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Mastering Incident Management in Cybersecurity

Society is becoming more dependent on the internet for nearly all personal, academic and professional activities, so the threat of cybercrimes is increasing accordingly. Factor in the rapid shift to remote work during the COVID-19 pandemic and the table is set for an explosion of online criminal activity. To combat cyberattacks, businesses will need highly trained cybersecurity professionals to plan effective responses to hacking incidents.

What Are the Biggest Cybersecurity Threats?

According to the article, “5 Biggest Cybersecurity Threats,” “the FBI has seen a fourfold increase in cybersecurity complaints” since the dawn of the COVID-19 era. Much of this can be attributed to increased telecommuting, but user error is another weakness hackers frequently exploit. Here are the most dangerous and common forms of cyberattacks:

  • Social engineering
  • Ransomware
  • Distributed denial-of-service (DDoS) attacks
  • Third-party software
  • Cloud vulnerabilities

Best Practices for Cybersecurity Incident Management

Ensuring the cybersecurity of an organization is a complex mission. However, here are some steps companies can take to prepare for potential breaches most effectively and expediently.

  1. Prepare for cyberattacks as though they are inevitable.

Cybercriminals are among the most difficult perpetrators to apprehend, and their criminal schemes become more elaborate every day. Because of this, planning for inevitable cyberattacks is every bit as important, if not more so, than strategizing response plans. An article published at JDSupra suggests the following preventative measures:

  • Mandate and enforce the use of multi-factor authentication
  • Encrypt all data
  • Protect data by regularly creating backups
  • Install patches or updates regularly
  • Test and review incident response plans in advance
  1. Be prepared to shut down your system.

The first step organizations should take when they’re victim to a cyberattack is limit access to their networks. This is the quickest way to minimize exposure resulting from the breach. The article, “How To Survive A Cybersecurity Attack,” cites the case of the technology company Kaseya. Almost immediately after being hacked, Kaseya terminated access to the affected systems. In addition to reducing exposure, the “company’s rapid remediation and mitigation measures saved thousands of small and medium-sized businesses from suffering devastating consequences to their operations and minimized any impacts to critical infrastructure.” Limiting risk and exposure to the customers who depend on them should be a company’s primary goal in responding to cyberattacks.

  1. Keep the system down until the experts are certain the risk is resolved.

The temptation to get everything up and running again can be overwhelming, but a patient approach is best. Consider, again, the case of Kaseya. The necessary repair patch was ready to go quickly, but Fred Voccola, CEO of Kaseya, decided to err on the side of caution. This turned out to be a wise decision as it “protected more than 99.9% of its core customers … ” So while it may have taken Kaseya a few extra days to get back online, they ultimately minimized the risk factor for the businesses that depend on them.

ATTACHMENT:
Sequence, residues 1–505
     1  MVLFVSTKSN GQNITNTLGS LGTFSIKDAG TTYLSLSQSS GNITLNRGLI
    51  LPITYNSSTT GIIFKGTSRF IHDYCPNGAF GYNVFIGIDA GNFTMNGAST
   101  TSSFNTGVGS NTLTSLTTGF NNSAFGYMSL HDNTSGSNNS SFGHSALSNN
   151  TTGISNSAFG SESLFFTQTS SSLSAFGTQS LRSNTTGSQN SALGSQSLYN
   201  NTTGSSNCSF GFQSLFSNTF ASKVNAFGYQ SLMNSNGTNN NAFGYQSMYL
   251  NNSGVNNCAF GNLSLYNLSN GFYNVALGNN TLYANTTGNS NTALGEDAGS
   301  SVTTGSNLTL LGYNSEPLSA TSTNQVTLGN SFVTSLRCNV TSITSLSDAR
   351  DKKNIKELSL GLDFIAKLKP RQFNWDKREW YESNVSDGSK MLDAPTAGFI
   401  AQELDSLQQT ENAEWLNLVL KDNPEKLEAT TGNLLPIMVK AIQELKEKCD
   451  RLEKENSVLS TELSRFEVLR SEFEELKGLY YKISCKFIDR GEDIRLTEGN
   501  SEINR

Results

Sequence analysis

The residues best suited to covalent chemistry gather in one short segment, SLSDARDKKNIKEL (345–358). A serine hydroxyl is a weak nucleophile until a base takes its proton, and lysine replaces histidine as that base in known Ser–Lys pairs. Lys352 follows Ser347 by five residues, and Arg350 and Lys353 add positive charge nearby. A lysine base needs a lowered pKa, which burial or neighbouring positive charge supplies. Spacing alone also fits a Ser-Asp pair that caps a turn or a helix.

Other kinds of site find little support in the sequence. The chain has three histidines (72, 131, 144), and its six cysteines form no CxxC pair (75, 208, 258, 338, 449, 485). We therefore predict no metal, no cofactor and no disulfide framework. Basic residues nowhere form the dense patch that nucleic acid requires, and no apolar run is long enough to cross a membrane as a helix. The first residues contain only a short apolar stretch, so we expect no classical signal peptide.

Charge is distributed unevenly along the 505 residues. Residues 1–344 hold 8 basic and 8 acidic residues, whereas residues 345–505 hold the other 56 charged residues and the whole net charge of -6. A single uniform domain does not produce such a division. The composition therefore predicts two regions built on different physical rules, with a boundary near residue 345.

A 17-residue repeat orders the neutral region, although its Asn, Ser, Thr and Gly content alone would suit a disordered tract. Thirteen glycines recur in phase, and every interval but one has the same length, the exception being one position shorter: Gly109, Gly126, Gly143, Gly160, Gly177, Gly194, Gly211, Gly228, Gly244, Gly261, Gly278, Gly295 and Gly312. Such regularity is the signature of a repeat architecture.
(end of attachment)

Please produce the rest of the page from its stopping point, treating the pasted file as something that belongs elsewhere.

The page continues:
1. Maintain a skilled and effective incident management team.

One of the most important aspects of responding to cyberattacks is having a well-constructed incident management team. A blog on security incident management published at Digital Guardian suggests that a company’s “incident response team should include functional roles within the IT/security department as well as representation for other departments such as legal, communications, finance, and business management or operations.” Companies may also want to consider involving local law enforcement, the Federal Bureau of Investigation and the Cybersecurity and Infrastructure Security Agency.

  1. Conduct post-incident analysis.

No matter the size of the breach, companies should thoroughly review and analyze whether they succeeded or failed in response to it. This is the only real way to substantially improve cybersecurity moving forward. Some aspects of a strong post-incident analysis plan should include:

  • Creating a policy for evidence collection, so that it will be viable for legal proceedings
  • Utilizing forensics for analysis, reporting and investigations
  • Updating security protocols as necessary

As more of the working population shifts to remote work, the need for effective cybersecurity will only intensify. This will require well-educated, highly-trained professionals who can craft effective incident response plans. Aspiring cybersecurity professionals looking to enter any number of fields would benefit greatly from the academic training available through Murray State’s MS in Cybersecurity Management program.

Learn more about Murray State’s online Master of Science in Cybersecurity Management program.

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